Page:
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Agence Ecofin
30 May 2022 Last update on Monday, May 30, 2022 At 9:20 AM

In recent weeks, the EU has multiplied agreements aimed at securing African gas supplies. A maneuver that jeopardizes strategies to limit global warming and its impact on food insecurity.

Several Africa-based NGOs expressed in a statement in Abuja last week their concerns over the European Union’s (EU) energy strategy to replace some of its supplies from Russia with African gas. A policy considered dangerous, in that it risks hindering the achievement of global climate objectives while reinforcing the already very serious food crisis in Africa.

“It is unwise for the European Union to ask for access to more gas resources in Africa to fuel its addiction to fossil fuels,” said Landry Ninteretse, a member of the Africa chapter of the American NGO 350.Org.

Already before the crisis in Ukraine, the strong demand resulting from the post-Covid economic recovery was putting a lot of pressure on global supply chains. The supply of food and miscellaneous products was struggling to keep up with demand, due to the high costs of logistics and sea freight.

Several harvest disruptions had also been recorded due to poor weather conditions, which put strong pressure on food prices.

The situation worsened with the start of the crisis in Ukraine, which saw wheat and diesel prices soar, as diesel was used to mechanize agriculture in several parts of the continent.

For the director of Health of Mother Earth Foundation and Oilwatch Africa, Dr. Nnimmo Bassey, “it is time that renewable energies are at the heart of global energy policies. Ukraine is not only a wake-up call, it is a revelation in the heart of Europe. Instead, the continent, like a drug addict, is turning to Africa in what is simply a reckless, obstinate, blind and colonial quest for profit at the expense of the peoples of Africa, the continent and the entire planet.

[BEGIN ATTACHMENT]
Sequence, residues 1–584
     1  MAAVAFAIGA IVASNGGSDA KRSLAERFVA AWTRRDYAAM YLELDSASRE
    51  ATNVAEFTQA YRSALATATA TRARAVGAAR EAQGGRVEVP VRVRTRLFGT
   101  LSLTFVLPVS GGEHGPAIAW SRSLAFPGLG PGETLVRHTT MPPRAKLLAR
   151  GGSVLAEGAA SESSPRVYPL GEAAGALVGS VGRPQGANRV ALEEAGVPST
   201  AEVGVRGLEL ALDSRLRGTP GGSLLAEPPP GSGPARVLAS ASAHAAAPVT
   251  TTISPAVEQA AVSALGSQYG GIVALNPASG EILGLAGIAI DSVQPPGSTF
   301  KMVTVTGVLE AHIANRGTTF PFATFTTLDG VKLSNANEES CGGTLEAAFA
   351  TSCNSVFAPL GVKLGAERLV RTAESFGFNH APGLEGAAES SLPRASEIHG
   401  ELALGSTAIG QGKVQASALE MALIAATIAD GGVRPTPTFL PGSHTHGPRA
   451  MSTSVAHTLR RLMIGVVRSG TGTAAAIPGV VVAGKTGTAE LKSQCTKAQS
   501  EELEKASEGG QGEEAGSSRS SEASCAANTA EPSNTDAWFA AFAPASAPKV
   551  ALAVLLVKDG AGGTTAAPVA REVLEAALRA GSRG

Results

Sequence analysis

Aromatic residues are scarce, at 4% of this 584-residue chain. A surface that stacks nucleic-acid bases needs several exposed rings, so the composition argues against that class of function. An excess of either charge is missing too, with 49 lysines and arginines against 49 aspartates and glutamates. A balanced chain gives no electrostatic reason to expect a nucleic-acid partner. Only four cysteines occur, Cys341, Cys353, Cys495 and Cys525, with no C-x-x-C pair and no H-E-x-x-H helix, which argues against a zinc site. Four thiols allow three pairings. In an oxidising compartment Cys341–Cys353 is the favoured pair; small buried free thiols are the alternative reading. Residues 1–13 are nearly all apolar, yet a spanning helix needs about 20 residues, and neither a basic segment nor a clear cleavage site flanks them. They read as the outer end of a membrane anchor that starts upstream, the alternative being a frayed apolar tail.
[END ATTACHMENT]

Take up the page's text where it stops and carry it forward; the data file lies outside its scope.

An opinion shared by activist Nick Bryer who indicated that the implementation of such a policy is contrary to the global objectives aimed at limiting the emission of greenhouse gases, via massive investments in renewable energies.

For Collin Rees, director of the NGO Oil Change International, the EU should work to promote the large-scale use of clean and renewable energies not only on the Old Continent, but also throughout the world. An opportunity for it to play a leading role in the global ecosystem aimed at addressing the global climate and energy emergency.

“Any other attitude will be considered a deliberate climate and ecological crime,” hammered Nnimmo Bassey.

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